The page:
Two figurative shows, Richard Tosczak's Drawing into Sculpture and Jacque Clement's Luciole, grace the Harcourt House Gallery this month. The artists are well paired: above and beyond the obvious connection of gestural studies of the human form, both are committed to an exploration of the process behind their work.
Image credit: Richard Tosczak, 2008
Tosczak's exhibition pairs recent clay sculptures with accompanying figure drawings. The clay figures are loose and energetic, retaining all the spontaneity of the gestural studies on which they were based. Displaying the sculptures still wet and with supporting armature offers a rare chance to see the steps behind a finished bronze piece. I particularly enjoyed the figures laying casually on their stomachs, arms dangling nonchalantly over the edge of their pedestal, as if they had wandered over and flopped down for a rest.
Luciole is an exhibition of recent works on paper by Montreal artist Jacques Clement. Folded and hung accordion-style, his drawings pull you easily through the room, wondering what lays beyond each fold. The pieces start out small and gradually grow larger as the exhibition progresses, culminating in the massive 8-foot-tall, 24-foot-long namesake, Luciole.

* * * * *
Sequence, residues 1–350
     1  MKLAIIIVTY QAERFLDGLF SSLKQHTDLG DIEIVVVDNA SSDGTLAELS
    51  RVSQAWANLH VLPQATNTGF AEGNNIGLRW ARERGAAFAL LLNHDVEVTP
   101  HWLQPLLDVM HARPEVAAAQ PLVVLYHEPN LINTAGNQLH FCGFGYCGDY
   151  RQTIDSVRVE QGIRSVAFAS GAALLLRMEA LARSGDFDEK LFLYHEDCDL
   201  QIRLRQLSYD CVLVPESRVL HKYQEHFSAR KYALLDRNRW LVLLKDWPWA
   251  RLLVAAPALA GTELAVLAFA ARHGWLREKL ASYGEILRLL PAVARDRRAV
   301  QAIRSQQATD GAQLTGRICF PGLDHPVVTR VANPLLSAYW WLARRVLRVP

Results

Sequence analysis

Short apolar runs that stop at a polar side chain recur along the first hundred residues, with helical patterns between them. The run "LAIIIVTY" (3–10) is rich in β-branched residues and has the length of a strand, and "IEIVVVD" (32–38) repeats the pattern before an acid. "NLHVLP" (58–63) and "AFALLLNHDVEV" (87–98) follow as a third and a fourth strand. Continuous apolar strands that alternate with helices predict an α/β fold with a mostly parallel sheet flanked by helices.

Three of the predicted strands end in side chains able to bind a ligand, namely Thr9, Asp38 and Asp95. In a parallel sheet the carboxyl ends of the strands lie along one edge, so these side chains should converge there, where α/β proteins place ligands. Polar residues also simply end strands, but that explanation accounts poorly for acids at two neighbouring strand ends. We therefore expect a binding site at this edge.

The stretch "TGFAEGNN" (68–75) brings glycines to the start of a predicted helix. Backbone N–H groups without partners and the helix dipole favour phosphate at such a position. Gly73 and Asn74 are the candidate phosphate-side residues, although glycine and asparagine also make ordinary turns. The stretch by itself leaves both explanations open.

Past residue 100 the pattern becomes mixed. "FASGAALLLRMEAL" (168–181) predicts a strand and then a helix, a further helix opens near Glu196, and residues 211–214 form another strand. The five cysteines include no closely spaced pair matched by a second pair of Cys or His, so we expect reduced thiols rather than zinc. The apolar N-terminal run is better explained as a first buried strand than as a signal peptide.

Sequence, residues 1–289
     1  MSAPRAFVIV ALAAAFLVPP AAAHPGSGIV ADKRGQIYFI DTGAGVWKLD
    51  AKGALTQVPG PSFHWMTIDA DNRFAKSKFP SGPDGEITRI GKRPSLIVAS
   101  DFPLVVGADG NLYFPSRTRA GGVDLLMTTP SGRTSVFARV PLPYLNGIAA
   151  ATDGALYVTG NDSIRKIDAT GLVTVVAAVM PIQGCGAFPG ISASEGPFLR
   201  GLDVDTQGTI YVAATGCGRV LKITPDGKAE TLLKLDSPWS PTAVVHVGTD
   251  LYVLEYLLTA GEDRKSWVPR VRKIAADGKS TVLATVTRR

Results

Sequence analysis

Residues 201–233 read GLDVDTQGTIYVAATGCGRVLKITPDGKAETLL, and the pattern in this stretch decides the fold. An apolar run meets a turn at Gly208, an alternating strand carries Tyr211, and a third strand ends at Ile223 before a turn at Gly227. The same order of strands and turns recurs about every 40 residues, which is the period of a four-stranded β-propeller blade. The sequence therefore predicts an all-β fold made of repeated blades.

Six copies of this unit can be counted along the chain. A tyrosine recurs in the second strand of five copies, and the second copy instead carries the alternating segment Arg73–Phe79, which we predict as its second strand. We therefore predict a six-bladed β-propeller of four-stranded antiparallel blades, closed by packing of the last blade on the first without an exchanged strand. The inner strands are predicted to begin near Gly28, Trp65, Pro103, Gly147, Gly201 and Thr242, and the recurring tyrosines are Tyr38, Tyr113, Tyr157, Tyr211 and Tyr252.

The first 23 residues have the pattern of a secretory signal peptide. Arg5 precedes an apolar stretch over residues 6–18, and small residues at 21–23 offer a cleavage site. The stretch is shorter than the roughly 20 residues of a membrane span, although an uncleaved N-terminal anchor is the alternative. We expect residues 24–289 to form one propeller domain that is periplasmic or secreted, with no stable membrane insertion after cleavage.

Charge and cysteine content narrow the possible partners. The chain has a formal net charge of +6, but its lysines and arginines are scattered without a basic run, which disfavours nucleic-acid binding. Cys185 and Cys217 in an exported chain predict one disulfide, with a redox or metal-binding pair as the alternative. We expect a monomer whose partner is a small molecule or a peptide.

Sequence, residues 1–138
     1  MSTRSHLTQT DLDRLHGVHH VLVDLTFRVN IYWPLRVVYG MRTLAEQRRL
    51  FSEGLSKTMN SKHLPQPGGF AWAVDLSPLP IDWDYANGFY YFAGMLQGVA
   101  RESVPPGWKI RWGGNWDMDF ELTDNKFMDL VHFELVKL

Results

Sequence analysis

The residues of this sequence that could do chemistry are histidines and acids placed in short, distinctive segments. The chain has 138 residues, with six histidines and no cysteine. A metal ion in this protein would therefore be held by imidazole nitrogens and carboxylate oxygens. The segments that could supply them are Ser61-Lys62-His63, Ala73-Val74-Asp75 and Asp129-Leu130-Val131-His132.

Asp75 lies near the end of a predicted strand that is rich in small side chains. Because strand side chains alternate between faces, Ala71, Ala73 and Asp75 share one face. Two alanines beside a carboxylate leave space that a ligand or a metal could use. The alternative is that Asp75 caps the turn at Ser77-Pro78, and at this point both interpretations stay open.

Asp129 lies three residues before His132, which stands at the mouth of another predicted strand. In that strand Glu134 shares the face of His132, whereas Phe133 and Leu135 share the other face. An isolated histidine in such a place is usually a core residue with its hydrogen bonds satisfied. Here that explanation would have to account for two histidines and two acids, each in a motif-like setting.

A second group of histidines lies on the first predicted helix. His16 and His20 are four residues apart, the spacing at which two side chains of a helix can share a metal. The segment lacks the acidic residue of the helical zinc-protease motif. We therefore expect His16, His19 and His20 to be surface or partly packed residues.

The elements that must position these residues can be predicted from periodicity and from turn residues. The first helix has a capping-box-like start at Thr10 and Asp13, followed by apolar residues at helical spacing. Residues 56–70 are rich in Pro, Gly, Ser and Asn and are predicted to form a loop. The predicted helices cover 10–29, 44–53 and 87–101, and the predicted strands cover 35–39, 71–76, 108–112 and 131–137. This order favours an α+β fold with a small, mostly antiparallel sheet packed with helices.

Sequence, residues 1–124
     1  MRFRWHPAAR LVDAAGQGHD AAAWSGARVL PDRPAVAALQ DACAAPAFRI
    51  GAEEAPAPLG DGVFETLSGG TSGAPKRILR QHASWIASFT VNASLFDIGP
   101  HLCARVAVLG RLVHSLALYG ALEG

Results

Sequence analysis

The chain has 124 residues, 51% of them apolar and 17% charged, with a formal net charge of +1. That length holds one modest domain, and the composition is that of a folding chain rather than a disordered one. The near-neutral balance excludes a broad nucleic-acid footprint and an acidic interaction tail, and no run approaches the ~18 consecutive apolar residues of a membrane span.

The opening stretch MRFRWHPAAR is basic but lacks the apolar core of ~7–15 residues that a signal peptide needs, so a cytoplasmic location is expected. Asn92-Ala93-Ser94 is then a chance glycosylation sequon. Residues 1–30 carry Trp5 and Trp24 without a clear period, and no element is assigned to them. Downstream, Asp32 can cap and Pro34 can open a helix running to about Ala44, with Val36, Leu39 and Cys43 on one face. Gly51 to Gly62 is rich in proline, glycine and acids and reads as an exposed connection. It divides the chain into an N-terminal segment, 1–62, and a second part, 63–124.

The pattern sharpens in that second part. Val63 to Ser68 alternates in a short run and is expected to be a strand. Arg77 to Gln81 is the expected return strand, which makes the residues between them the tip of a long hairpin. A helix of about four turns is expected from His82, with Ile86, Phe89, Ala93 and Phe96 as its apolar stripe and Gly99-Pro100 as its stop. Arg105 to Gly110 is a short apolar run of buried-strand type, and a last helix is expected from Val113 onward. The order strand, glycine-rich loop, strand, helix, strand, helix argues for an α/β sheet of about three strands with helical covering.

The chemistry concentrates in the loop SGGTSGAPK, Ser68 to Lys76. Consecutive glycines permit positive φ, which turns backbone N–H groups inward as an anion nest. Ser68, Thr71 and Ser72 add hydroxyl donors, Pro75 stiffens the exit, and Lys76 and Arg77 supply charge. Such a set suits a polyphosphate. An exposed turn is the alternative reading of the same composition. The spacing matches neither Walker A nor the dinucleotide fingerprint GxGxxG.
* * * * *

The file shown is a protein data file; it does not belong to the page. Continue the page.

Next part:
Image credit: Jacque Clement, 2008
Each piece is comprised of a varying number of 5" x 11" figure studies. Clement's use of layers and mixed media to add depth and texture to what is admittedly well-trodden imagery is impressive. Smaller pieces like 2008's Zemas are so richly developed that it becomes hard to imagine how the thin sheets of paper can hold so much material. His skillful use of bold colours and gestural line-work, combined with repeating frames that reference film strips, creates imagery that instantly draws you in and begins to construct a narrative.
I think that his strength lies in turning a simple gestural figure study into a complex portrait. Sadly, it's a skill that seems to become lost in the larger pieces. Luciole is the largest piece in the show, but also the simplest; gone is the sophisticated and rich palette of his smaller works, replaced with the dominating colours of orange, red, and black. There is still motion and movement to the piece, but the drawings are for the most part far more simple, and empty frames filled with spray-painted colour don't add anything to the piece.
While the smaller works drew me in and made me marvel at his skill, Luciole overwhelms with size and simplicity.